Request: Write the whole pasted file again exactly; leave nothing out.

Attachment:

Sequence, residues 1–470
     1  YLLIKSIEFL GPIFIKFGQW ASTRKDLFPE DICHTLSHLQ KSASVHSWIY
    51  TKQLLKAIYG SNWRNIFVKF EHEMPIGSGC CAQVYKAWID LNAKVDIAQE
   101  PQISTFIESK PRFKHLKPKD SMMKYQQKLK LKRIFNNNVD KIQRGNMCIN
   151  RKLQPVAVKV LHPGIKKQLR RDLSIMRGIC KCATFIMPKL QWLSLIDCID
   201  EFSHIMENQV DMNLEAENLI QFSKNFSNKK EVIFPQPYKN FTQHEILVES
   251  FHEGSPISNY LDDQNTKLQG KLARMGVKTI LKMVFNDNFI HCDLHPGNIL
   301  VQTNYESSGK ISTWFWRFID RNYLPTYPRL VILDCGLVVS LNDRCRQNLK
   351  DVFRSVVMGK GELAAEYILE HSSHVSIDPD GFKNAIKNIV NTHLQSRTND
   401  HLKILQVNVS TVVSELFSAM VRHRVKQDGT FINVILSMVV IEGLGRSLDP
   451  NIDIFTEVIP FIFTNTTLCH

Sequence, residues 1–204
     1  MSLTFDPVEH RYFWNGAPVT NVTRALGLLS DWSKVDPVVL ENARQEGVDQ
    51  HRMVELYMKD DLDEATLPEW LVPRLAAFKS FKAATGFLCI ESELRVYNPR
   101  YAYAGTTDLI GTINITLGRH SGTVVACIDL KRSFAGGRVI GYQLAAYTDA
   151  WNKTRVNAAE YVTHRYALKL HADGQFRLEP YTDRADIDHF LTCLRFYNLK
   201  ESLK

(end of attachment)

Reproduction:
Sequence, residues 1–470
     1  YLLIKSIEFL GPIFIKFGQW ASTRKDLFPE DICHTLSHLQ KSASVHSWIY
    51  TKQLLKAIYG SNWRNIFVKF EHEMPIGSGC CAQVYKAWID LNAKVDIAQE
   101  PQISTFIESK PRFKHLKPKD SMMKYQQKLK LKRIFNNNVD KIQRGNMCIN
   151  RKLQPVAVKV LHPGIKKQLR RDLSIMRGIC KCATFIMPKL QWLSLIDCID
   201  EFSHIMENQV DMNLEAENLI QFSKNFSNKK EVIFPQPYKN FTQHEILVES
   251  FHEGSPISNY LDDQNTKLQG KLARMGVKTI LKMVFNDNFI HCDLHPGNIL
   301  VQTNYESSGK ISTWFWRFID RNYLPTYPRL VILDCGLVVS LNDRCRQNLK
   351  DVFRSVVMGK GELAAEYILE HSSHVSIDPD GFKNAIKNIV NTHLQSRTND
   401  HLKILQVNVS TVVSELFSAM VRHRVKQDGT FINVILSMVV IEGLGRSLDP
   451  NIDIFTEVIP FIFTNTTLCH

Sequence, residues 1–204
     1  MSLTFDPVEH RYFWNGAPVT NVTRALGLLS DWSKVDPVVL ENARQEGVDQ
    51  HRMVELYMKD DLDEATLPEW LVPRLAAFKS FKAATGFLCI ESELRVYNPR
   101  YAYAGTTDLI GTINITLGRH SGTVVACIDL KRSFAGGRVI GYQLAAYTDA
   151  WNKTRVNAAE YVTHRYALKL HADGQFRLEP YTDRADIDHF LTCLRFYNLK
   201  ESLK